If we flee Afghanistan now, we leave it to the terrorists
When Australia joined the United States and other allies in sending forces to Afghanistan in 2001, the aim was crystal clear. It was to remove the Taliban regime which provided a haven for Al Qaeda - the terrorist group responsible for the September 11 attacks on New York and Washington. That was quickly accomplished.
But after John Howard returned our forces to Afghanistan five years later the objective was far less obvious. In fact, within months of being elected in 2007, the Rudd Labor Government held a meeting with top military brass and strategic planners to ask the blunt question: “What is our mission in Afghanistan?”
The response was vague, apart from the obvious explanation that it was an exercise in “alliance maintenance” - keeping on side with the Americans.
A more detailed strategic plan was then drawn up that set out Australia’s role in training Afghan security forces and establishing infrastructure to make Oruzgan Province more governable when control is eventually handed back to the locals.
This had the advantage of laying out an exit strategy, at least in theory. When the stated objectives were ticked off Australian forces could pack their gear and go.
The tragic deaths of five Australian troops in one day - two killed in a helicopter crash, three shot dead by a rogue Afghan soldier who was supposed to be guarding their base - has increased pressure for our Afghanistan commitment to end.
The objectives set out in that Rudd Government plan have been largely accomplished, it is claimed. Australian forces have little more to contribute. So bring them home now.
In many ways, the case is compelling. Opinion polls show it is an unpopular war and Australian voters want us out. Our forces are clearly over-stretched. As The Australian’s foreign editor Greg Sheridan pointed out yesterday, some SAS troops “have done more fighting for a longer period than anyone did in World War II”.
Whether we pull out of Afghanistan now or in 2014, President Barack Obama’s exit date, the central government in Kabul will not be able to control provinces like Oruzgan.
Large areas of Afghanistan will revert to being wild and dangerous places, locally ruled. The Australian Government is well aware of this.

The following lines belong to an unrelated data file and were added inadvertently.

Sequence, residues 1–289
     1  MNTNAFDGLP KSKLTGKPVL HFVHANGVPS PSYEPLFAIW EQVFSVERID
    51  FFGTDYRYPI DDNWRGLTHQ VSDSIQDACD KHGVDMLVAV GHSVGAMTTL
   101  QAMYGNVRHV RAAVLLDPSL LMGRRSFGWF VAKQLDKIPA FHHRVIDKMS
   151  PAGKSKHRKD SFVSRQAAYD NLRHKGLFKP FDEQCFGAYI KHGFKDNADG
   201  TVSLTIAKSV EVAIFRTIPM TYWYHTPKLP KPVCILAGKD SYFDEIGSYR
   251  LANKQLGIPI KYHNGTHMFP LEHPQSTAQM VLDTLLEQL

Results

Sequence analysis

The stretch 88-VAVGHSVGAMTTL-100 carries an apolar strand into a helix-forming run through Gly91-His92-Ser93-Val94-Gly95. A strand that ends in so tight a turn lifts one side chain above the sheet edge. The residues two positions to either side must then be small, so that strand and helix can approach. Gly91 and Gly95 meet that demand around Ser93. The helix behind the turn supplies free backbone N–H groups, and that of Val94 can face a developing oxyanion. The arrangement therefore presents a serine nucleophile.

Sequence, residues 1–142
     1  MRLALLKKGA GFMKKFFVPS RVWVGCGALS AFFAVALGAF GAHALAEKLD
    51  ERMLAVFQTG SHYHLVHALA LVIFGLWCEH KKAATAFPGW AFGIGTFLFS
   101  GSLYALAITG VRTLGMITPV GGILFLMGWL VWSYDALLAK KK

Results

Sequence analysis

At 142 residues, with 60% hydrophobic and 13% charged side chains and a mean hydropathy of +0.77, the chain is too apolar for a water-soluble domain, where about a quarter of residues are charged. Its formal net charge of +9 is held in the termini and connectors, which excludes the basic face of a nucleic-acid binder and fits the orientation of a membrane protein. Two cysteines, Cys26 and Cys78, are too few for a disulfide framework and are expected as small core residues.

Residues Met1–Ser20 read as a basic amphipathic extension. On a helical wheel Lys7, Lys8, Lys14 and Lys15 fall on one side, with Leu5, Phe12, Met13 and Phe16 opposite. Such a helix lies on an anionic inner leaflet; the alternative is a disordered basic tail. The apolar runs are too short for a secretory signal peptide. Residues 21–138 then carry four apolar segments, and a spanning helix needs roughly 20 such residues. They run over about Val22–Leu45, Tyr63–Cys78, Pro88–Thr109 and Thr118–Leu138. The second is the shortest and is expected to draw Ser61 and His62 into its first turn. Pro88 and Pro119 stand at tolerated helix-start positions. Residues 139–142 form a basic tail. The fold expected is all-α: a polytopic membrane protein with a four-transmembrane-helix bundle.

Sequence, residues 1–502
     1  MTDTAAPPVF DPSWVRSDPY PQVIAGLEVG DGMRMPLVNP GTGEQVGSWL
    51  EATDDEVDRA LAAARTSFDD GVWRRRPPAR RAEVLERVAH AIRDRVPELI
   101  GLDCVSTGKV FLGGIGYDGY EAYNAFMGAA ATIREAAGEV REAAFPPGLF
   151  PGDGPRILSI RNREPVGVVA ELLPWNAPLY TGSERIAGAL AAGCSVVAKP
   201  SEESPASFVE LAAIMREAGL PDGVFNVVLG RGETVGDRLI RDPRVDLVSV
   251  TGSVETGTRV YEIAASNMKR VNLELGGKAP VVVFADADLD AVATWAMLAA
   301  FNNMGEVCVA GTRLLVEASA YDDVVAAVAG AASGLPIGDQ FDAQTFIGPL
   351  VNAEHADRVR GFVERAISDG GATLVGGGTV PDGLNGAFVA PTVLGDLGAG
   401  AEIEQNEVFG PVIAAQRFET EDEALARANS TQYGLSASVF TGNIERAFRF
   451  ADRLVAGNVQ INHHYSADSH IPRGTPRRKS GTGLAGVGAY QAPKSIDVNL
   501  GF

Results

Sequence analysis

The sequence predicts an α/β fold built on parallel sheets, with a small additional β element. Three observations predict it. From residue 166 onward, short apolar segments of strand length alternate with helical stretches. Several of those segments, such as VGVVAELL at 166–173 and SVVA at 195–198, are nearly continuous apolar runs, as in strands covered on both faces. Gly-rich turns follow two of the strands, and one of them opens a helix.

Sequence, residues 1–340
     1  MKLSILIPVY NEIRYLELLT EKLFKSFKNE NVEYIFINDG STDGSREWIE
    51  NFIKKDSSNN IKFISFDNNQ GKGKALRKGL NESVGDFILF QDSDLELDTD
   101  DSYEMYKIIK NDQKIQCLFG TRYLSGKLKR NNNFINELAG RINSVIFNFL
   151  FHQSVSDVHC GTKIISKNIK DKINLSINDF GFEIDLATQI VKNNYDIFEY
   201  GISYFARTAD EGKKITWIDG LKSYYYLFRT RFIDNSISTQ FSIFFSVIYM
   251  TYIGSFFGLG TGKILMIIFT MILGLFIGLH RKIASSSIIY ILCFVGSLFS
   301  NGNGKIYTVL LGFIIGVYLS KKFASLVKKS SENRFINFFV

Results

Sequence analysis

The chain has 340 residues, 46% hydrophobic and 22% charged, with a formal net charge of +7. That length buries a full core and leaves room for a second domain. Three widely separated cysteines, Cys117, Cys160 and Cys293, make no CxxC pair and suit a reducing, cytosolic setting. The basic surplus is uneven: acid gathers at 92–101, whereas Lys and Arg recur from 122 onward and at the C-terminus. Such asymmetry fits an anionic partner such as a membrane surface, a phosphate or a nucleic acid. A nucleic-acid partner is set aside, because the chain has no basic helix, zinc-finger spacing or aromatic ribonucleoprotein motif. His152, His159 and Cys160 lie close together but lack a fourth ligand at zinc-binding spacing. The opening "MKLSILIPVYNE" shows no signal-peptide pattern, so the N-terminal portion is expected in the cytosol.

And then there is the impact on Australian public opinion of so-called green-on-blue attacks - the killing of coalition troops by Afghan soldiers and police who are supposed to be fighting alongside them.
The shooting of the three Australians on Wednesday brought to 15 the number of coalition soldiers killed in this way in August. The total for the year so far is 45.
Some of the Afghans involved in these “insider attacks” were Taliban recruits or sympathisers, but others were motivated by personal grudges and anger at the behaviour of foreign soldiers.
According to The Guardian newspaper in Britain, an investigation by US military psychologists has found members of the Afghan National Army see American troops as “a bunch of violent, reckless, intrusive, arrogant, self-serving, profane, infidel bullies”.
Australian troops, like other coalition force members, presumably, get caught up in this perception.
There will be people in this country who think, like many Americans: “If they dislike us so much, why are we there?”
But, as Prime Minister Julia Gillard made clear in the wake of Australia’s worst day of combat losses since the Vietnam War, there will not be an accelerated withdrawal from Afghanistan.
“We cannot have a circumstance where loss dictates how we will engage in this war and see our mission through,” she said. “In my view, that wouldn’t be appropriately honouring the men we have lost.”
A senior official told me yesterday: “Withdrawal would be a knee-jerk reaction. It would set the precedent for others to pull out, too.”
According to Defence Minister Stephen Smith, if the government pulled our forces out now: “We would increase the prospect of Afghanistan again returning to a breeding ground for international terrorism.”
But that will still be a danger after a 2014 coalition withdrawal, which is why it is unlikely that all of our troops will come home even then.
The plan is that special forces from the US, Britain, Australia and some other countries would remain in Afghanistan - based in Kabul or Kandahar - to play a counter-terrorism role.
Which means the SAS, which has already done so much, can expect little respite.
General John Allen, commander of US forces in Afghanistan, says around a quarter of insider killings could be the work of Taliban infiltrators.
But the Taliban claim responsibility for all of them, maximising the mistrust created between coalition forces and those they are supposed to be mentoring and training.
An Afghan Army Colonel recently told Newsweek magazine: “The Taliban are hunting two birds with one arrow. They are killing coalition soldiers while at the same time hurting relations between our allied forces.”
The next two years in Afghanistan could be tough indeed for our Diggers.
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